If you don't know how to change the flow setting, check your filter manual. If you no longer have a manual, you can probably find one on the Internet. If you use either the AquaClear 110 or the Fluval 406 filters, I have put copies of those manuals into this folder on the VTTIC Google Docs site.
So what's the take-away?
Because netting should be neither too coarse nor too fine, it's been hard to describe the netting you should install over the filter intake, so I've worked on that. This afternoon I measured and photographed netting that I think should work just fine. What you'll see below is nylon screening (made for screen windows and door) that has 18 squares per inch. I think that should work very well. I bought this at my local hardware store.
Great video from MMS
Meaghan Beley-Finnemore, of Milton Middle School, sent me this nice video. Her fish look great! Healthy, active, and fat. I also like the artistic tank background. Is that a baby otter I see there?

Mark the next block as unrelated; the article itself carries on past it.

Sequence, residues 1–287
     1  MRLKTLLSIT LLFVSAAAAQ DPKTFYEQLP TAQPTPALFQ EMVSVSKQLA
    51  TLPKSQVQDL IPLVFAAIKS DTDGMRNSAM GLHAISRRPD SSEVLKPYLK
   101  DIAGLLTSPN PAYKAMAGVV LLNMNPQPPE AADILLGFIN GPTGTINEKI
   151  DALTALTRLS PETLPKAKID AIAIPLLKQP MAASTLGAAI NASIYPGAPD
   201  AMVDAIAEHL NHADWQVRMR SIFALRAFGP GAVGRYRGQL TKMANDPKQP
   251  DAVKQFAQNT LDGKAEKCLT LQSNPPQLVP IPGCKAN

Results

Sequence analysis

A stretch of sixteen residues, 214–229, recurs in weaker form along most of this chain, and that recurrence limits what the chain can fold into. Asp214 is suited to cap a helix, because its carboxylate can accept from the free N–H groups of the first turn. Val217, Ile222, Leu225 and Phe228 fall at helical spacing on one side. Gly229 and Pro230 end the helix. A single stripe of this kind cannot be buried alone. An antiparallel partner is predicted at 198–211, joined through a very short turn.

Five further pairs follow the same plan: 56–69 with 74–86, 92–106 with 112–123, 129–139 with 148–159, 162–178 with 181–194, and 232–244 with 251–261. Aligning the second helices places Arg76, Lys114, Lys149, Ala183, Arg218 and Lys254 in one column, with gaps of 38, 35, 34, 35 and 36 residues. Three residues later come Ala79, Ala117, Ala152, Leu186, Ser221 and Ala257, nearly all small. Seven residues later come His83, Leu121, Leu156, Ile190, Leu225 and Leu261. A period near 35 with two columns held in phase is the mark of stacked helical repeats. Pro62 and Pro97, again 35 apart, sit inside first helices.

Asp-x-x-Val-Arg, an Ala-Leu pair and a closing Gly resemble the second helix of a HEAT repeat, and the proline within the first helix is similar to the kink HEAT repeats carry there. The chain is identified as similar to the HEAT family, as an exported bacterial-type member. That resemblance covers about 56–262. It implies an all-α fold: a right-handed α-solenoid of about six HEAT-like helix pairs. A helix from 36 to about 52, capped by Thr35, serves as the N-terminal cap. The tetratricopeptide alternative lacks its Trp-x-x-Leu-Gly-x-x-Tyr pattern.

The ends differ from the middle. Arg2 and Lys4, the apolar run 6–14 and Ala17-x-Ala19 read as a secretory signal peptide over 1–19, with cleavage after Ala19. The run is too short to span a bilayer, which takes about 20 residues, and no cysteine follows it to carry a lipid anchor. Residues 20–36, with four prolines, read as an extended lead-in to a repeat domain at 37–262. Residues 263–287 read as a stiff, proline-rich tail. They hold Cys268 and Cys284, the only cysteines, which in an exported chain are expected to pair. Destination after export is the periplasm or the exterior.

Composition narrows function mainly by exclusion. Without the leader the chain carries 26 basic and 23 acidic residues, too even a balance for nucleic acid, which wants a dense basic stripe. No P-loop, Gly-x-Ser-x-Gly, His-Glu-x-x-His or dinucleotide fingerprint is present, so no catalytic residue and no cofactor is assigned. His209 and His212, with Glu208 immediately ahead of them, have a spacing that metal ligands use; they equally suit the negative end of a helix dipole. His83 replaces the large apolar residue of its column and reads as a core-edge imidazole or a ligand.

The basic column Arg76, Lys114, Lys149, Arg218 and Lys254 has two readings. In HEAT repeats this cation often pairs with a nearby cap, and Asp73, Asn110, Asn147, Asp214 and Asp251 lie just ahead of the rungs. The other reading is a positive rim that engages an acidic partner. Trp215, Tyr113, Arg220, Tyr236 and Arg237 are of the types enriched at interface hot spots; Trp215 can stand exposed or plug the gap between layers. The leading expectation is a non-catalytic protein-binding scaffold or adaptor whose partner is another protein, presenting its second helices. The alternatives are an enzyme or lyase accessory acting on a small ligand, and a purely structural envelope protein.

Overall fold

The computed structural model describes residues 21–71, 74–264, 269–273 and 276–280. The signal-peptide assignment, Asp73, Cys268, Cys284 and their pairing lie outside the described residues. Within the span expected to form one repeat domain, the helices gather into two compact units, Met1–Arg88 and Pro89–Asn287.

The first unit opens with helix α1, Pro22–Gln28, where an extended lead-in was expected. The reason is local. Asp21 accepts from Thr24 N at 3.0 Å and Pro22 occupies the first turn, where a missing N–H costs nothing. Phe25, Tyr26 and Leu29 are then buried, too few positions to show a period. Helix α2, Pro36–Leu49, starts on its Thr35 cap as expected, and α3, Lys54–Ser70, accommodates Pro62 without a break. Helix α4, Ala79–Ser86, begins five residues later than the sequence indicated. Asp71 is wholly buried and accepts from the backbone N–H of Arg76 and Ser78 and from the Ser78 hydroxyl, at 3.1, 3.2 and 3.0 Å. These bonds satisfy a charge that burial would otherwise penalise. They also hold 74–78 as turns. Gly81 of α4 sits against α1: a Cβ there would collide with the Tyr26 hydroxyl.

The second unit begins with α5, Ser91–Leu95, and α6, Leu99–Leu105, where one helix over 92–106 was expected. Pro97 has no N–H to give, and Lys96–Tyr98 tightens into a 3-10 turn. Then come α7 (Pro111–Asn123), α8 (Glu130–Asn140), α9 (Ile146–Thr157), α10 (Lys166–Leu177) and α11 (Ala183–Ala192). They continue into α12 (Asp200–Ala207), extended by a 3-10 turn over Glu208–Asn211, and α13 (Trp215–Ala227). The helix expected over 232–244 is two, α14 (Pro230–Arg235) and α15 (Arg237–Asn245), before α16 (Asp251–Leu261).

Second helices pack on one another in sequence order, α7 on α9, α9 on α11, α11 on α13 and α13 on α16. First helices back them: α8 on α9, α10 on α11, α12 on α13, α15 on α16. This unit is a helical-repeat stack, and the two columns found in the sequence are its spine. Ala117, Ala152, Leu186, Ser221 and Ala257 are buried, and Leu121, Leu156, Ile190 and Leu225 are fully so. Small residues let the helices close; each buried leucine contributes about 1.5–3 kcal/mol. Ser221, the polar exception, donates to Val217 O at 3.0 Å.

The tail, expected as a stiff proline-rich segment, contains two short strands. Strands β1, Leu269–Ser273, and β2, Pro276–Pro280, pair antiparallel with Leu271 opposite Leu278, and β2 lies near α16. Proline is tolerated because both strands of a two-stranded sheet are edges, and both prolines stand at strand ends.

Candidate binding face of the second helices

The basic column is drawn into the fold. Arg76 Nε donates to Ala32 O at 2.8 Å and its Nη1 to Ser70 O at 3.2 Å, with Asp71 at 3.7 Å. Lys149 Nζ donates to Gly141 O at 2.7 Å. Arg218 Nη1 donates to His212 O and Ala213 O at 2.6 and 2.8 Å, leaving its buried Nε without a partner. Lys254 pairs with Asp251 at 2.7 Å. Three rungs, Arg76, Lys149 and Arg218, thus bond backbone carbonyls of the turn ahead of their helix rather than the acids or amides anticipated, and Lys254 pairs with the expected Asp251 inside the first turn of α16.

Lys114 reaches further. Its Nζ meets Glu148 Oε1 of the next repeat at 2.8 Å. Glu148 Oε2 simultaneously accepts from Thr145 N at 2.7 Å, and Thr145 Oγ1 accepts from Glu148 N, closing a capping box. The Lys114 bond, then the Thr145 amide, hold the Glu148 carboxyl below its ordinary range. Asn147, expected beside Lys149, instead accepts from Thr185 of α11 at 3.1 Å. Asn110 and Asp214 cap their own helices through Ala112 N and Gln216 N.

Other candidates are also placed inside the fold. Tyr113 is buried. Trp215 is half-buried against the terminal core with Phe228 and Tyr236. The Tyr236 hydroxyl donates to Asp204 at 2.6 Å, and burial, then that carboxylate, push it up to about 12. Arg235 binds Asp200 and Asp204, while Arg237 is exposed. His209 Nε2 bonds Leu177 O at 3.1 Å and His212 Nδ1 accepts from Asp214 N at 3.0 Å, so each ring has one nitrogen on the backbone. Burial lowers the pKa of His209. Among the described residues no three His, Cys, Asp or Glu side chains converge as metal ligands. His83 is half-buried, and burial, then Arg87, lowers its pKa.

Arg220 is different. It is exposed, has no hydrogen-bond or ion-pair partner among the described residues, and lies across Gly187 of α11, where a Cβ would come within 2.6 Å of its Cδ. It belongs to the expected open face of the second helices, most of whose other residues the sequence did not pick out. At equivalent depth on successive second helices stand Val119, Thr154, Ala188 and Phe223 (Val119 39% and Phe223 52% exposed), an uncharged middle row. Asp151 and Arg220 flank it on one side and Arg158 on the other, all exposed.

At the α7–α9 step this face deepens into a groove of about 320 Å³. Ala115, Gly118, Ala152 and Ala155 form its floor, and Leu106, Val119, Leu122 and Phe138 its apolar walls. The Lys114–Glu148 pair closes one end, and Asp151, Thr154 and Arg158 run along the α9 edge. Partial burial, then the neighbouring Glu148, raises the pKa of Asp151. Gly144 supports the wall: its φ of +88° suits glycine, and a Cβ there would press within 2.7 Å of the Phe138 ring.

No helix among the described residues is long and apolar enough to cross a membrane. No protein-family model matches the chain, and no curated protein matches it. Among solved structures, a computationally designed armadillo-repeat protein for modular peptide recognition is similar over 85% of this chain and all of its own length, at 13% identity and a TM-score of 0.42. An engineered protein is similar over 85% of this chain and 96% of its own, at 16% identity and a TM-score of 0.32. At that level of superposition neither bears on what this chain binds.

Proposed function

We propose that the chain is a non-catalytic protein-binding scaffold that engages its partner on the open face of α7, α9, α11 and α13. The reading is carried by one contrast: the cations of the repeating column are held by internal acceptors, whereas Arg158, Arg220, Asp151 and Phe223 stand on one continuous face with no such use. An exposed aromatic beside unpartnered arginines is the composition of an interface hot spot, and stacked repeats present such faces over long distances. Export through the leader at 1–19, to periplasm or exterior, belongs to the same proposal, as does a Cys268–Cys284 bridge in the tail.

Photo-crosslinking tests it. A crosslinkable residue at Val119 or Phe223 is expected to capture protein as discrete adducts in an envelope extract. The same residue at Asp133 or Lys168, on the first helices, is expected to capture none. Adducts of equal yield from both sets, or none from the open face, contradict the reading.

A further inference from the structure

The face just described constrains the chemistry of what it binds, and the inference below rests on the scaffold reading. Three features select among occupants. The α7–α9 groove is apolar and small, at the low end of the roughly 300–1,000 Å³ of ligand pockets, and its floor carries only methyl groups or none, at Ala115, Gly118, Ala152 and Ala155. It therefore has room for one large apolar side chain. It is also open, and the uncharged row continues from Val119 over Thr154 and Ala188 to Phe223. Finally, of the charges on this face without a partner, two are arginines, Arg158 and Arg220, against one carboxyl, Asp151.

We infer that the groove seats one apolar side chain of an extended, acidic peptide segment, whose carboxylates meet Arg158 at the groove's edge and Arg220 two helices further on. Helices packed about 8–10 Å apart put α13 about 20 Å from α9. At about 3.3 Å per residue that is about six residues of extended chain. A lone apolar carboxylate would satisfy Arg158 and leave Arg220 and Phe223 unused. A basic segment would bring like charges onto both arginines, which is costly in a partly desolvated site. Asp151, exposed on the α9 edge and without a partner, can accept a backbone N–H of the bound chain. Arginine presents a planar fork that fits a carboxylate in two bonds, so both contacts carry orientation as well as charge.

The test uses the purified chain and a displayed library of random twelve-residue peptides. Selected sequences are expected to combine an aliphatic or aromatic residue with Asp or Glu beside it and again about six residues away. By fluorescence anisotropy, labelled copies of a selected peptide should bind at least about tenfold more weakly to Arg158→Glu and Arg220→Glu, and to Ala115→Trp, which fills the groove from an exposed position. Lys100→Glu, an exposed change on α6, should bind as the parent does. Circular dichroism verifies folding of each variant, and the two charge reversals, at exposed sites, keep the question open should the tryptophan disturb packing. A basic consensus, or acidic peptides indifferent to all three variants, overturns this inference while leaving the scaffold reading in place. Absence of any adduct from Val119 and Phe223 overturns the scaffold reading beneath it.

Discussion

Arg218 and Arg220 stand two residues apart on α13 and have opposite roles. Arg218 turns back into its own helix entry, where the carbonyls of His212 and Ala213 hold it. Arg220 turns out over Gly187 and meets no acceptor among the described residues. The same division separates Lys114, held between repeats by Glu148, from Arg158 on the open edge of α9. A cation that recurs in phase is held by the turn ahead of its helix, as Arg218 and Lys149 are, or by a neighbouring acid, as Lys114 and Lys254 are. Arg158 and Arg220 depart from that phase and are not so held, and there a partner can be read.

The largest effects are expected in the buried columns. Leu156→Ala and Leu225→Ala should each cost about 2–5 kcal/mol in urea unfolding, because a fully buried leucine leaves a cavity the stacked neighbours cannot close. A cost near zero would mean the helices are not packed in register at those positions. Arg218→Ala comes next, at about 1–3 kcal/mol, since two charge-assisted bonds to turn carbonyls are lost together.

Meaghan also had a concern about cloudy water. I responded to Meaghan with the following:
Here’s what the national TIC site says about cloudy water:
“The water in my tank is cloudy. What should I do?
Cloudy water probably indicates an excess in decaying matter. This may be from dead fish, leftover food, or a problem with the filtration. Carefully conducting regular water changes, as well as cleaning the tank of all solid material, is the best way to fight this. Make sure the filter is functioning properly, and that water is flowing out of it. Clean filter components if needed, but do not use soap or any chemical cleaners. Carbon filter packs should be replaced every year. If fish are not eating all provided food, you may reduce the amount given until they are able to eat it all. Excess food after 10 minutes should be removed and discarded.”
This is a good opportunity to remind or tell you about the Troubleshooting folder on the national TIC Web site. You can often find answers to your technical concerns there. Below is a screenshot of the Troubleshooting page. The image is also a link to the folder. (While you're at the national TIC site, check out the other great resources there, including curriculum ideas.)
Water chemistry worries